ETRO was defeated with a trademark opposition over famous Pegasus emblem

The Opposition Board of JPO decided two figurative marks depicting Pegasus are deemed dissimilar from phonetic, conceptual and visual point of view and dismissed an opposition filed by ETRO S.P.A. [Opposition no. 2014-900325].


Opposition by ETRO

ETRO disputed the opposed mark should be cancelled based on Article 4(1)xi of the Trademark Law due to similarity to ETRO’s famous Pegasus emblem (Opponent mark).

In an opposition brief, ETRO alleged both marks are considered confusingly similar in appearance on the grounds that both marks depict an image of Pegasus getting up on hind legs in silhouette. Besides, they are confusing in concept as well since both marks give rise to a meaning of Pegasus in the mind of consumers. Consequently, the opposed mark is deemed similar to famous Pegasus emblem.

Board decision

In the meantime, the Opposition Board concluded both marks are dissimilar contrary to ETRO’s allegation.

With respect to concept, it becomes usual to depict Pegasus in different posture and style. A mere fact that both marks share same image of Pegasus is insufficient to determine visual aspect of respective mark by taking into consideration of circumstance that Pegasus is legendary creatures as well. Thus, it is not permissible to admit both marks simply give rise to a meaning of Pegasus. Rather, they should respectively be considered a mark having no specific meaning at all.

Regarding appearance, obviously there exists difference in depicting Pegasus. Pegasus in the opposed mark gets up on hind legs. Meanwhile, the opponent mark apparently is galloping. Such difference produces distinctive impression in the mind of consumers. Difference in direction and detail depicting of Pegasus should not be neglected.

As a conclusion, the opposed mark is deemed dissimilar to famous Pegasus emblem of ETRO.

1187hirai%e4%bf%ae%e6%ad%a3003_2MASAKI MIKAMI, Attorney at IP Law (JAPAN) – MARKS IP LAW FIRM

Cancellation of Trademark Registration Filed with Malicious Intent

The Opposition Board of JPO declared cancellation of trademark registration No. 5778852 for the mark composed of a prancing horse design and term “Cavallino Lampanti” (Opposed mark) covering the goods in class 18 and 25 on the grounds that Opposed mark was registered with malicious intent to resemble a renowned horse emblem of opponent, Ferrari S.p.A., known for “cavallino rampante”, and free ride remarkable reputation bestowed on the opponent marks. [Opposition Case No. 2015-900335]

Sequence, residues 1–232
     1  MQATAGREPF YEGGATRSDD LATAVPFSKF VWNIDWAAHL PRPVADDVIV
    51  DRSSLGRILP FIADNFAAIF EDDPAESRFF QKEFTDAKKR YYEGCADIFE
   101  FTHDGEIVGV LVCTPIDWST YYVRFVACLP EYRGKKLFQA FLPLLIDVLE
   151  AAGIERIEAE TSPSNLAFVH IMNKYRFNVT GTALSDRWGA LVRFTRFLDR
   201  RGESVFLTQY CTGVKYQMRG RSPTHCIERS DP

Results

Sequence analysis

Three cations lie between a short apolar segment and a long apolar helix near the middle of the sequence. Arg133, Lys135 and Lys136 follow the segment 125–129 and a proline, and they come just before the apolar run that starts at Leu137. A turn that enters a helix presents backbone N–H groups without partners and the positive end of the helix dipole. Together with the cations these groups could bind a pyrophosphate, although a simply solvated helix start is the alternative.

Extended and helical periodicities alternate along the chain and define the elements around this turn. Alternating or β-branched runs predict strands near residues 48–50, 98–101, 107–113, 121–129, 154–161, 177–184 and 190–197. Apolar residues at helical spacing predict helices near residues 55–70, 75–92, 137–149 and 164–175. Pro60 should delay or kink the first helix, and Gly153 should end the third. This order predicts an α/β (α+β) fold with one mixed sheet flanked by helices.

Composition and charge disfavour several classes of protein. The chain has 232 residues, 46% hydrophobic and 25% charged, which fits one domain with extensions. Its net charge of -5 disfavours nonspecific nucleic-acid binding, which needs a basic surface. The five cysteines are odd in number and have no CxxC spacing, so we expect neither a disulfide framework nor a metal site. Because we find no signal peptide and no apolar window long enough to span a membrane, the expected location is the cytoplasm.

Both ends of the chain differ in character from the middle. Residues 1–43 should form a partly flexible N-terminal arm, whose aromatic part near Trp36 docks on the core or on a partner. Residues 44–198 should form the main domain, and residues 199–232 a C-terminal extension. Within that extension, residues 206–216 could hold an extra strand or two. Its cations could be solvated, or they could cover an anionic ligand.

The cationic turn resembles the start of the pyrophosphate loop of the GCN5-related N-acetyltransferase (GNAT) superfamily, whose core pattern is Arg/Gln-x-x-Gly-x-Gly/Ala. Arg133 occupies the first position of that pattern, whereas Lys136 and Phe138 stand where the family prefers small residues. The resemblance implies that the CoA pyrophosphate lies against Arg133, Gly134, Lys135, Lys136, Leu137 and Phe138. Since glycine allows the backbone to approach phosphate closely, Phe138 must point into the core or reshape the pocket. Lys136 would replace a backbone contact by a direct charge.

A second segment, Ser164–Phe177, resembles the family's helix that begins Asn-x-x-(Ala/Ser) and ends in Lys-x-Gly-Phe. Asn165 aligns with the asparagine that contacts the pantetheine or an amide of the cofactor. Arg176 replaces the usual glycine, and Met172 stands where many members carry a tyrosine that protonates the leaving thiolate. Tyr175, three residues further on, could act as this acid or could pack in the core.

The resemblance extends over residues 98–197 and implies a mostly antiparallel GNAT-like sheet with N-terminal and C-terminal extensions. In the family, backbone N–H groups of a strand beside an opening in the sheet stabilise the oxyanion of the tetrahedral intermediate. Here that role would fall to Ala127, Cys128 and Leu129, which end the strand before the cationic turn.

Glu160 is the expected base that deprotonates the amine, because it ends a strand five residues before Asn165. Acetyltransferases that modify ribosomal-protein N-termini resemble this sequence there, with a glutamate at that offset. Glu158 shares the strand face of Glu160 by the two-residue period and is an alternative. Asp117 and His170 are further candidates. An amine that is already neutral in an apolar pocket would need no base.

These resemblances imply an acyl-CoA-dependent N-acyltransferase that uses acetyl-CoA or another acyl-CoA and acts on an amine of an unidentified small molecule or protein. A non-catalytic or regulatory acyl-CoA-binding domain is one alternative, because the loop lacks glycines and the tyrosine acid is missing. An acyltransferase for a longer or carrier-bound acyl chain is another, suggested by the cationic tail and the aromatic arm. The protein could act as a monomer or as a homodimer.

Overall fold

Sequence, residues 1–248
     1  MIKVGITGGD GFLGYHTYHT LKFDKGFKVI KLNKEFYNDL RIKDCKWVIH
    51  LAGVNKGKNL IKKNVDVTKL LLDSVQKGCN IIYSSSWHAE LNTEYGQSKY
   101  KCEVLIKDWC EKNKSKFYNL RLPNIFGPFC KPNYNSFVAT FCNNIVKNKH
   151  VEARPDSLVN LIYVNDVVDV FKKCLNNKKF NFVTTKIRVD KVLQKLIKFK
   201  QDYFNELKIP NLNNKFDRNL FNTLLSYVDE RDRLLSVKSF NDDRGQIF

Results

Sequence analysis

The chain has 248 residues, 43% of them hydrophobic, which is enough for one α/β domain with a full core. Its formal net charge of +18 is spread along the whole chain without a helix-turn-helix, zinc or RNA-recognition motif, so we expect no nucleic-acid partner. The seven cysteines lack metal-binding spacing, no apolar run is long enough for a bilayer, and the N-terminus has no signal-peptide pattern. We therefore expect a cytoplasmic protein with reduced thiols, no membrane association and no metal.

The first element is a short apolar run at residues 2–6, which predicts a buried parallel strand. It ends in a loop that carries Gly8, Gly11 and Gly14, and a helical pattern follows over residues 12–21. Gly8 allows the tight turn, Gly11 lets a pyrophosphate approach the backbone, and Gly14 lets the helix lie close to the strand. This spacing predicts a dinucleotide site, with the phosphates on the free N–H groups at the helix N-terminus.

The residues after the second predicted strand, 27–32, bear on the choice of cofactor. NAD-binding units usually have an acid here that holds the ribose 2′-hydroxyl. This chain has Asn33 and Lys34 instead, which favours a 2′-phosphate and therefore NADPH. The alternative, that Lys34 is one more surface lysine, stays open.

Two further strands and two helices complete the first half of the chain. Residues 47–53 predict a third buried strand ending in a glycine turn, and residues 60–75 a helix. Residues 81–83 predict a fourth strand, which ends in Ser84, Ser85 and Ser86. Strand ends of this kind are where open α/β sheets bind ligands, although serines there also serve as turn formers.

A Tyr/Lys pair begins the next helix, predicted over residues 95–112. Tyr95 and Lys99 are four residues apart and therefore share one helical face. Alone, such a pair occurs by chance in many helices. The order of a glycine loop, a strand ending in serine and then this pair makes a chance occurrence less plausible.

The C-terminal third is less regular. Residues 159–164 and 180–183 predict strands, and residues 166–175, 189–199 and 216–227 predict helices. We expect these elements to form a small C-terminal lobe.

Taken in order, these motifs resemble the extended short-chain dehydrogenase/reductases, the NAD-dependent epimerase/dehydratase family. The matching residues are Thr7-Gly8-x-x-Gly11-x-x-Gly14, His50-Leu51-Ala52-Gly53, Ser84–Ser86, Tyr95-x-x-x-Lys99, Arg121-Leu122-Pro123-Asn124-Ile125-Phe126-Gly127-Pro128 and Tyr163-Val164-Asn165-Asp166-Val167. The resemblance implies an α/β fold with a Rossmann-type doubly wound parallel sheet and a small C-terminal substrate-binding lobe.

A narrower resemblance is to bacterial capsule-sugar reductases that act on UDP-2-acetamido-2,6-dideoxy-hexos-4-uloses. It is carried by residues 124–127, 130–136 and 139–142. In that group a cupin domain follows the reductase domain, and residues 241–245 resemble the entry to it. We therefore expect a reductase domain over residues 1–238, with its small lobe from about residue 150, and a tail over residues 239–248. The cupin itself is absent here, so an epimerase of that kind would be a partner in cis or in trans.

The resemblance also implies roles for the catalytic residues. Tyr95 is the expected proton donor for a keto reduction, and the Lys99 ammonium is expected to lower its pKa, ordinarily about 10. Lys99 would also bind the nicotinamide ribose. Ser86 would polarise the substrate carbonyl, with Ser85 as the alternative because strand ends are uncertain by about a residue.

In the opposition decision, the Board did not clearly admit similarity of the horse design depicted in both marks regardless of conceptual similarity, however, concluded the term “Cavallino Lampanti” of Opposed mark and a name “cavallino rampante” of Opponent mark are highly similar in both appearance and sound.

Besides, admittedly Opponent marks have been well known among general public in Italy even prior to an application date of Opposed mark. Opponent has promoted several goods belonging to class 18 and 25 e.g. bags, necktie, T-shirts, wallets, shoes to Japanese customers as well.

Based on the above facts, presumably an applicant of Opposed mark must have been acquainted with such circumstances and Opponent’s business. If so, it is not deniable to conclude that Opposed mark was filed with malicious intent to harm Opponent business and free ride valuable reputation bestowed on famous brand.

As a conclusion, the Board cancelled Opposed mark based on Article 4 (1) (xix) of the Trademark Law.


Article 4(1)(xix)

“No trademark shall be registered if the trademark is identical with, or similar to, a trademark which is well known among consumers in Japan or abroad as that indicating goods or services pertaining to a business of another person, if such trademark is used for unfair purposes (referring to the purpose of gaining unfair profits, the purpose of causing damage to the other person, or any other unfair purposes, the same shall apply hereinafter).”


Article 4(1)(xix) aims to prevent unauthorized entities from registering a well-known mark in foreign country even if the mark itself has not yet acquired high recognition in Japan to the extent relevant domestic consumers become aware of such situation in foreign country. The article plays a significant role in attacking a fraudulent trademark registration where it designates goods or services remotely associated with business of a famous brand owner.

1187hirai%e4%bf%ae%e6%ad%a3003_2Masaki MIKAMI – Attorney at IP Law (Japan)